Dennis Mangan asks, What class do you belong to?
No matter how hard you try, it's difficult to escape your roots. Here is a description of the town where I grew up (from an October 2006 article in the Bangor Daily News
, no longer available on the Web):
Smaller Brewer, across the Penobscot River from Bangor, evolved in a much different manner.
Like Bangor, Brewer's early years revolved around the lumber industry, namely shipbuilding. Brewer was famous for making bricks and then paper, all of which lent Brewer a reputation as a rowdy mill town.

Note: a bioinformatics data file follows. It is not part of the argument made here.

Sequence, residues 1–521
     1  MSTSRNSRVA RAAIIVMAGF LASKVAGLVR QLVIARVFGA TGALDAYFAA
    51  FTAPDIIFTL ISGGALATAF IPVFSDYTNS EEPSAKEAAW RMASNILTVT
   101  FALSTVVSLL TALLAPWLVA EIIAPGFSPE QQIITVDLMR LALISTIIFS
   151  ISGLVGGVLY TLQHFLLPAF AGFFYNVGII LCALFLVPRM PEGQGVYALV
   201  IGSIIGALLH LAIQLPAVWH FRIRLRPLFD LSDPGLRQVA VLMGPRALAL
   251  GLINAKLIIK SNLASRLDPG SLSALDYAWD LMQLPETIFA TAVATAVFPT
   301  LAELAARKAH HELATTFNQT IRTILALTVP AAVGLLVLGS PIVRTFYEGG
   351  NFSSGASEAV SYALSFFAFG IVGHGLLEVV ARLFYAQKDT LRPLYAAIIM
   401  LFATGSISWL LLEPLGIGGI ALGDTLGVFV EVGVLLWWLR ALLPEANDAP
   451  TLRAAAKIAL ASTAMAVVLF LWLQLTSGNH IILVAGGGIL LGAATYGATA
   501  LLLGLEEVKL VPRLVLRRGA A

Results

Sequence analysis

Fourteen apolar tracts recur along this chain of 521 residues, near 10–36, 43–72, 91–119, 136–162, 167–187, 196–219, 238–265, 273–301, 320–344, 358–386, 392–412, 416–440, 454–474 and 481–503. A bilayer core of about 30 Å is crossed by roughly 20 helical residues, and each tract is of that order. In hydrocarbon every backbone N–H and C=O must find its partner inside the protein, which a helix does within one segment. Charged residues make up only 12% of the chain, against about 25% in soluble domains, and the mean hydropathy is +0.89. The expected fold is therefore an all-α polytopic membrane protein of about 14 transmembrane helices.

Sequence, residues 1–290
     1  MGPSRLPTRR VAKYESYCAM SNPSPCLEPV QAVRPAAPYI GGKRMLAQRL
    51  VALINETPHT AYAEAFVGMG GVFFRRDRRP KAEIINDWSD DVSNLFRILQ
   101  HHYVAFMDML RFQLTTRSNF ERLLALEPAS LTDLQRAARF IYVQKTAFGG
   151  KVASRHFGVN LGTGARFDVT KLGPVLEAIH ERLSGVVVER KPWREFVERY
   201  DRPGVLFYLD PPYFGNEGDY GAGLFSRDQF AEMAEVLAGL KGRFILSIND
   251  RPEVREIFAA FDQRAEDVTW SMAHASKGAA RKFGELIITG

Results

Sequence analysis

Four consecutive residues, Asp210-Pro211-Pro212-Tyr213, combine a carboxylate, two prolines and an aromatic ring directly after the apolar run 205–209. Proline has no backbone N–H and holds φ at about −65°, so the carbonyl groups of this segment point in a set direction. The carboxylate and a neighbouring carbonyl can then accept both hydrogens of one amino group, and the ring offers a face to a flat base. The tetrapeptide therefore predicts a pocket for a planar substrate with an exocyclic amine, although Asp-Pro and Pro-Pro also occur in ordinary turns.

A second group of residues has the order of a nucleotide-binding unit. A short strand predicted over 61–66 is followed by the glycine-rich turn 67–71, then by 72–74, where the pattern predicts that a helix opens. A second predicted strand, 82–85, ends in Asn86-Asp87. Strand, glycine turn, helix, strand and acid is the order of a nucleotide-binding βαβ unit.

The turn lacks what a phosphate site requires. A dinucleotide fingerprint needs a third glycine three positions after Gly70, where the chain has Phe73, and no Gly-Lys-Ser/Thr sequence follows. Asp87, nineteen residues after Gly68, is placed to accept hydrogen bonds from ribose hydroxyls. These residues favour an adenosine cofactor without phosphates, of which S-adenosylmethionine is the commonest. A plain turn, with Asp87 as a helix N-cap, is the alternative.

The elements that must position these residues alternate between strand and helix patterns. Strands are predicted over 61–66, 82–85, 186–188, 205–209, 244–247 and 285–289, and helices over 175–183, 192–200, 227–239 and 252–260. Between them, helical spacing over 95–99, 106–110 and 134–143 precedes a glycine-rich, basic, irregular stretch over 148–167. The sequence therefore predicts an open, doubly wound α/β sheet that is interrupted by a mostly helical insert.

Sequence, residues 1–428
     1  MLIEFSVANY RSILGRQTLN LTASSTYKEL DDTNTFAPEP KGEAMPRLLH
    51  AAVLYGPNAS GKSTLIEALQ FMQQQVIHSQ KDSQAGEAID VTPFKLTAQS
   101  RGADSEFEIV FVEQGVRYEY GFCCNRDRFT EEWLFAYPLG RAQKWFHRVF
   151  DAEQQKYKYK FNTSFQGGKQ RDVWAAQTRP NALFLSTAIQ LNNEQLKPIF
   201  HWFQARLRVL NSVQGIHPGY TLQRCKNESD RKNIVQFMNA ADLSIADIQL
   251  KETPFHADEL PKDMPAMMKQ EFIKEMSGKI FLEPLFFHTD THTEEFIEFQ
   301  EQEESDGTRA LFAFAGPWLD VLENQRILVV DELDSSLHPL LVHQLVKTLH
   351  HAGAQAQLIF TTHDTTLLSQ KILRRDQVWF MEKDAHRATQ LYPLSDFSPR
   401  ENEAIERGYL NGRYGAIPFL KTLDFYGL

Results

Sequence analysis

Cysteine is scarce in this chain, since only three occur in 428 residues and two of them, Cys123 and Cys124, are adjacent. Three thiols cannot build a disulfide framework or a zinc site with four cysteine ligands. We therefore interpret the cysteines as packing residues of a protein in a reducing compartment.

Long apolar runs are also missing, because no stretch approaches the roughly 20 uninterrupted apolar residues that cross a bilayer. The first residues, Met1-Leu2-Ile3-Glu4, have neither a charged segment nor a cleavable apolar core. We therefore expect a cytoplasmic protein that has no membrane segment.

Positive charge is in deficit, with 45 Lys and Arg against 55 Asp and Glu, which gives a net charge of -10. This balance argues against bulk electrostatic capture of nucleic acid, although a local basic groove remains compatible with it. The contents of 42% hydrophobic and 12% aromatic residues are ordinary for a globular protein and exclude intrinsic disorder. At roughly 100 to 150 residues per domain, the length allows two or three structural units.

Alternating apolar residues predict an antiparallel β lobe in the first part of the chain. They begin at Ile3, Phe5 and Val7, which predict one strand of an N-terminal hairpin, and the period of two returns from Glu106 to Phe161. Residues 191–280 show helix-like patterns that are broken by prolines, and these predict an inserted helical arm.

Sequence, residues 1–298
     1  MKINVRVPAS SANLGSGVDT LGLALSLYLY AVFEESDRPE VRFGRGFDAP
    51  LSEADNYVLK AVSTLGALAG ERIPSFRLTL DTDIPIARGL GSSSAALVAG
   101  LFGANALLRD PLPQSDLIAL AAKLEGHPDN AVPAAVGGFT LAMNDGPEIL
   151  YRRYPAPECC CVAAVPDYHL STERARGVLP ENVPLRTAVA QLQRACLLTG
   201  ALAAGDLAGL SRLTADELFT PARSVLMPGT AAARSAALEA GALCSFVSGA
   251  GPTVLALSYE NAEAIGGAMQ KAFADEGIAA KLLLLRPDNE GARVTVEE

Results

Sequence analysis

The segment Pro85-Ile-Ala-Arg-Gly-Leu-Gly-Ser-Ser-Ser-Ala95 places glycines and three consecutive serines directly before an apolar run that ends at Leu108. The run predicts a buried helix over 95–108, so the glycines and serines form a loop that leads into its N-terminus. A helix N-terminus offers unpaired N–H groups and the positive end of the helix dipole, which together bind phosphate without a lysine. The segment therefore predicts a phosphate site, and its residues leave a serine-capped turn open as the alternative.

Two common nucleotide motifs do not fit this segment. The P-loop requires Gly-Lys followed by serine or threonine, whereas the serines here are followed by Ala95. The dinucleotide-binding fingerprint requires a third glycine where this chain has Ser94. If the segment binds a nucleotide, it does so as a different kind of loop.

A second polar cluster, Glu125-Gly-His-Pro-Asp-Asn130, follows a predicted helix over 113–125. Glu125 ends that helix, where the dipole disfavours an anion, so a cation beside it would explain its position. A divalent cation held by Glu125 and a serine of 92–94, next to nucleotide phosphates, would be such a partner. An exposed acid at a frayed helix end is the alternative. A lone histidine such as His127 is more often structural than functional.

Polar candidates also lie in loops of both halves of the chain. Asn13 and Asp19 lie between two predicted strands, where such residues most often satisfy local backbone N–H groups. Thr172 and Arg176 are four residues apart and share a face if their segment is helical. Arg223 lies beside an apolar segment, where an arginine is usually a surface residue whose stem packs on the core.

"Brewer was where the poor people lived," Brewer Economic Development Director D'Arcy Main-Boyington said this week. "The [company] owners lived in Bangor, and the workers lived in Brewer."
Brewer still is working to shake off its blue-collar roots.
I contributed my small part to Brewer's reputation for rowdiness. My 2nd grade teacher at Washington Street School, Mrs. Libhart, wrote a note to my mother which said in part:
Recently I have had to speak to him about rough play and loud shouting both in classroom and outdoors. I'm sure he is being influenced by two or three of the other boys who are very rough and get him started.
I'm the tall one in this photograph of local rowdies: